FoxNext’s Dave Riggs Explains How To Engineer A UA “Lighthouse”

Mobile marketing is both art and science. The creative side uses engaging designs to reach users, while the engineering side provides structure for the overall experience. UA tech lead Dave Riggs works on the engineering side. Dave recently spoke with Tapjoy about the design considerations behind FoxNext’s “Lighthouse” platform.

 

What We Learned:

  • FoxNext’s approach to time savings – FoxNext optimizes its UA growth with a lean media buying team supported by a larger engineering group.
  • Designing an effective UA management tool – FoxNext’s Lighthouse platform balances the unique needs of creative management and campaign management.
  • How to prioritize automation – UA teams should automate processes, but leave creatives and campaign launch decisions to humans.

 

Hi Dave. Can you begin by telling us a little about yourself and your role with FoxNext?

Dave: I’m Dave and I lead a UA Tech Team from my company UserAcquisition.com, embedded within the FoxNext Games UA group. We build UA technology to enable media buyers to work more efficiently.

 

We’ve heard that FoxNext is working on some advanced tech to make its UA initiatives more efficient. Can you tell us anything about it, and what elements it aims to improve?

Dave: We’re building a single platform that enables UA managers to log in to and perform UA functions in one place. To optimize campaigns, there’s no need to log into Facebook, Google, Tapjoy and other platforms — instead, one single platform to manage campaigns. Internally, we call it Lighthouse.

We’re largely focused on saving media buyers’ time and enabling them to use energy on higher-level functions, e.g. creative and strategy. At FoxNext, we don’t want a large media buying team. We tend to hire a lot more on the engineering and technical side because we believe much of UA optimization can be automated. Google has moved this direction too, as UAC pulls the controls largely away from UA managers and relies on machine learning and their own algorithms to do UA.

The tech that we’re building is largely in two areas:

One is campaign management. We have data scientists that feed bid & budget recommendations into Lighthouse so the media buyers can then approve or deny those updates. This allows UA managers to work faster than if they were wading through data themselves. We then score the data science recommendations by tracking the approval rate of the media buyer — if declines happen regularly, we review and refine our algorithm so the media buyer is approving recommendations more often.

The second piece of technology is around creative management, one of the most important elements of UA. We’re fortunate at FoxNext to have really good IP and a highly talented creative team that creates beautiful videos and commercials. We’re building a system that will house all those assets, bulk upload them to different systems, enable creative analysis in one single view, and generate reports to share learnings across teams. If there’s fatigue, alerts are sent letting you know to rotate your creatives. We’re working towards a point where these creatives can be rotated automatically. The benefits go back to time savings.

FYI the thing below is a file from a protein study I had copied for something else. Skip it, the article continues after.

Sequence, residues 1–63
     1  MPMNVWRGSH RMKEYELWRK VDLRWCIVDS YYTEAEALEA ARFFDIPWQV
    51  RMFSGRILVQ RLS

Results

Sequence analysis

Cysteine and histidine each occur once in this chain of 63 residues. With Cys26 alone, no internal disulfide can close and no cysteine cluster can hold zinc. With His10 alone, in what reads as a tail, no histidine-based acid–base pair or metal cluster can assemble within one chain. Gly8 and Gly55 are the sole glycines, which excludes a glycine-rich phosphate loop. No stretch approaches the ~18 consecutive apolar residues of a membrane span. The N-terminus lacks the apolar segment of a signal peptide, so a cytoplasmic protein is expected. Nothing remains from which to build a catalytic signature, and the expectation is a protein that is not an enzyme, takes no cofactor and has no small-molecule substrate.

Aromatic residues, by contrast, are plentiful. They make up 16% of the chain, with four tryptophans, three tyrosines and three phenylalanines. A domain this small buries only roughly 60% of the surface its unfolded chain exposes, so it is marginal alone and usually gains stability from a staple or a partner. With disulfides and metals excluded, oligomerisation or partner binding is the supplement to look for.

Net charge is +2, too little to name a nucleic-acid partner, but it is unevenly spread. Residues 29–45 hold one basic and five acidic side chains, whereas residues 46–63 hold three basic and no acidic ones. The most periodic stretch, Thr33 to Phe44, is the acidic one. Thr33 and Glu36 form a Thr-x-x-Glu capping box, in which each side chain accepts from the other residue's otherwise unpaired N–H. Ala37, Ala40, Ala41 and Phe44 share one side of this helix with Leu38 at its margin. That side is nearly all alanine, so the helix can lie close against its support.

It sounds like many Lighthouse features are grounded in recent automation trends. How does FoxNext approach automated tools that other companies do not? Are there features you wouldn’t automate?

Dave: At a high level, our goal is to program everything we can and leave the creative analysis to humans. There are things computers can’t do and won’t ever be able to do. Number one is the creative editing or recreation of engaging videos. You can’t program a computer to build a good MARVEL Strike Force commercial, for example. We still have humans doing that.

We still need humans to analyze some of the data, especially during a new campaign launch without historical data. Let’s say we’re planning a new game launch like Avatar. We don’t want computers making the initial campaign and optimization decisions, e.g. what markets to launch in. There’s so many factors about launching a game that really needs human experience to provide context.

 

What drove your team to take this project on?

Dave: We’re fortunate to have been able to launch MARVEL Strike Force with a mostly blank slate of technology and team. We built our entire marketing technology stack before spending in UA, including our attribution partner, our cost data solution, our database, all data engineering, and our business intelligence tool. This enabled us to have a solid data foundation, and much easier to plug in the next layer, which is recommendations from data science.

These decisions had buy-in from upper management, so we had the ability to build our technology stack early and hire engineers early as well. That core philosophy of hiring technical people and automating user acquisition as much as possible drove us to build systems that accomplish that goal.

 

What’s one FoxNext game or project you’d be excited for even if you weren’t part of the team?

Dave: Avatar. I think it’s super interesting, because at FoxNext we’re fortunate to be part of a team that has really good IP that is advertised heavily outside of mobile. For example, we see big spikes in installs & purchases every couple of months when a new Marvel movie comes out. So when the next four Avatar movie promotions start gearing up, we expect that media buzz to also amplify existing UA efforts.

 

We’d like to thank Dave for taking the time to chat with us. For more insights from Tapjoy’s Mobile Champions series, take a look at our interview with IAB’s VP of Mobile, Susan Borst.

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